Along with being guardian angel to stray cats, my mother is agoraphobic. I learned this word from the mental health caseworker, not the same one who comes from Social Services. The caseworker from Mental Health is a man named Mark. He shows up once a month to check on Mom and make sure she has not gone completely off the deep end. If you can forget about the cats and the fact that she is petrified to leave the house, my mother is fairly normal. She cooks dinner and straightens out the house. During the day, she watches soap operas and talks to the cats. When I come home from school or my job at the grocery store, my mother asks me to tell her about my day. She always listens intently, fascinated and confused by the world outside Sunny Meadows. She asks me about what I learned today and what I plan to do over the weekend. She questions me about who came into the store, how they are doing, and what if anything they had to say.

At night, after her favorite shows are over, my mother reads romance novels. I buy them for her at the Tops supermarket where I work and get an employee's discount. The corners of our living room, which also serves as Mom's bedroom, are piled high with stacks of romance novels. My mother has read hundreds of them. After finishing a book, she finds a corner and adds to the ever-growing piles. Once I tried to bring her a mystery novel for a change of pace. She read a few chapters just to be polite before telling me that it was not her cup of tea and she would rather stick with the romances. I never read any of her books, but I sometimes skim the back covers. I laugh and joke with her about the characters' exotic names. Brock. Alexandra. Maeve. Sunrise. It is hard for me to imagine my mother with her knotted hair and bad teeth relating to these beautiful, rich people whose major concerns seem to involve whether to have sex on the beach in Malibu, the garden in Paris, or possibly the chalet in Switzerland. Leather or mink? How will Monique decide what to wear on New Year's Eve in order to seduce Damian in the limo? Fantasy I can understand, but compared to her real life in LeRoy, New York, Monique's world must seem to my mother what my art teacher calls surreal. Sometimes when I am lying in my bed staring at my poster of Picasso's Dove of Peace, surrounded by softly purring cats and listening to the sounds of the screaming and cursing that come from the man in the next trailer who beats his girlfriend at 11:30 every night like clockwork, I find myself wondering if my life is actually surreal while the characters from my mother's novels and television shows are normal. I do not wonder about it often, but when I do my whole body is overcome with an uneasy feeling that I am somehow detached from reality. It is hard to describe the feeling accurately, and luckily it does not happen too often, because it really gives me the creeps.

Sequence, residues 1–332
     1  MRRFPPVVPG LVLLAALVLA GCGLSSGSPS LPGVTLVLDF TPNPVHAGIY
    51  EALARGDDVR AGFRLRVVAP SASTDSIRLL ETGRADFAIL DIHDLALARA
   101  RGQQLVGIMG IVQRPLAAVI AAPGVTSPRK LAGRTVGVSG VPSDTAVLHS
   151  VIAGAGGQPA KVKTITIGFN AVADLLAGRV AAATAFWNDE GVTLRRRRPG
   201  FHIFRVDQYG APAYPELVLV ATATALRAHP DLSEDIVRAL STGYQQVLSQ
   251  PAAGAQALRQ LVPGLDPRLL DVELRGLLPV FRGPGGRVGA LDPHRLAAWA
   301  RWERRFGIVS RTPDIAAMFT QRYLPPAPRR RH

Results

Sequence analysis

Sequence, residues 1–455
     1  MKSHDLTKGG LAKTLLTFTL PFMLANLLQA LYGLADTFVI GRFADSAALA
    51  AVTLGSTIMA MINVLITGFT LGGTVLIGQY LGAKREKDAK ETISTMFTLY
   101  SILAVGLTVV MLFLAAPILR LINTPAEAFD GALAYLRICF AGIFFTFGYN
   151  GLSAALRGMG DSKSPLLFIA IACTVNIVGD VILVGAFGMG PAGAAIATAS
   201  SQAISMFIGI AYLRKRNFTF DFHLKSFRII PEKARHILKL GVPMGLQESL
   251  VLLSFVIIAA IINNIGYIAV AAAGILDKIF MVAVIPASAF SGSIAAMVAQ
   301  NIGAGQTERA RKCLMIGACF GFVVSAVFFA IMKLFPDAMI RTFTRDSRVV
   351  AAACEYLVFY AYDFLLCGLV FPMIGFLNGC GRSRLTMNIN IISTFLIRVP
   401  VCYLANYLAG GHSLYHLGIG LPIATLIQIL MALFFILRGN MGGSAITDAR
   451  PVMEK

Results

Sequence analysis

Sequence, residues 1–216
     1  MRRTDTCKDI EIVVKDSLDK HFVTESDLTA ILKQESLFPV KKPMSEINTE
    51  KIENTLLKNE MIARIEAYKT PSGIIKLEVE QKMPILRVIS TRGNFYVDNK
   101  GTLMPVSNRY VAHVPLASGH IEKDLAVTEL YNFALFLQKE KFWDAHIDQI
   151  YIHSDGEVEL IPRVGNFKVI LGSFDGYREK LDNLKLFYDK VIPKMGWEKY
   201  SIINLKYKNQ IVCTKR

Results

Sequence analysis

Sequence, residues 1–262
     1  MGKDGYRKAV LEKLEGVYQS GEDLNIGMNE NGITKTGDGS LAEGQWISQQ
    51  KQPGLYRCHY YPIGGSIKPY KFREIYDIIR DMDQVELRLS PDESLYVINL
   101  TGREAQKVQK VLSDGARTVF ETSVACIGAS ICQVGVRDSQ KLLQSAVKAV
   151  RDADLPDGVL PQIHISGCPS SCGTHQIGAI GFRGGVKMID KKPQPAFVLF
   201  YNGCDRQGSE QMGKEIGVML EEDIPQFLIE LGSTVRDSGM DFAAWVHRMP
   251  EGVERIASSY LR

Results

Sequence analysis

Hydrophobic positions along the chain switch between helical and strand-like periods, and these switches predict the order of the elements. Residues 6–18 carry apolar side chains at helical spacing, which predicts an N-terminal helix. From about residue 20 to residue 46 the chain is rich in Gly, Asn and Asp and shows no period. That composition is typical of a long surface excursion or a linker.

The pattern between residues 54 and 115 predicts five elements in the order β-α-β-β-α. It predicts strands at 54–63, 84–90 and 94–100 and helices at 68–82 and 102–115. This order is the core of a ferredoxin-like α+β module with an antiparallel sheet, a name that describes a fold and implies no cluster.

My mother's hair and teeth are a major area of concern for the caseworkers. She refuses to leave the house, so a hairdresser and dentist are out of the question. My mother always kept her long, straight hair clean until two years ago when my father left to take his eighteen-wheeler on a run to Georgia to pick up carpets and never returned. There was an accident on some highway in North Carolina. Apparently he fell asleep at the wheel and caused a major pile–up. My father was not the only person killed. A woman from Wilmington, N.C. and her little girl died also. Because my father was found to be at fault, the family of the woman sued my father's estate, which consisted of my mother and me. All of my father's insurance and death benefits went to them. We did not have a lawyer, and Mom had no desire to fight.

It is a very strange feeling to know that someone you loved and knew to be a good person was responsible for the death of innocent people. My mother says it was a gift that my father did not have to live knowing a woman and child died because of his mistake. I miss my father every day, but at the same time I know she is right. It would have destroyed my father to live with the fact that he caused the deaths of two people. We also know that he would have wanted the families to have whatever little money there was, which is why my mother gave it up willingly. Realistically, I know that those deaths had nothing to do with my mother or me, but at the same time we must bear the guilt because we are the only living connection to the man who did not live to carry the guilt himself. My mother keeps a newspaper clipping with a picture of the dead mother and daughter folded in our bible. Sometimes at night when I get up to check on her, I see my mother holding the creased clipping on her lap and saying the rosary.

My father was far from being rich or even middle class, but he was always responsible. My mother relied on him for everything. He took care of the bills and he kept my mother going on a relatively stable path. Now we live on the $650.00 we receive every month from Social Security combined with food stamps and the money I earn at Tops. There are only two of us, so the money we have is enough to cover the rent and utilities. Food stamps and my employee discount help give us enough people and cat food to survive.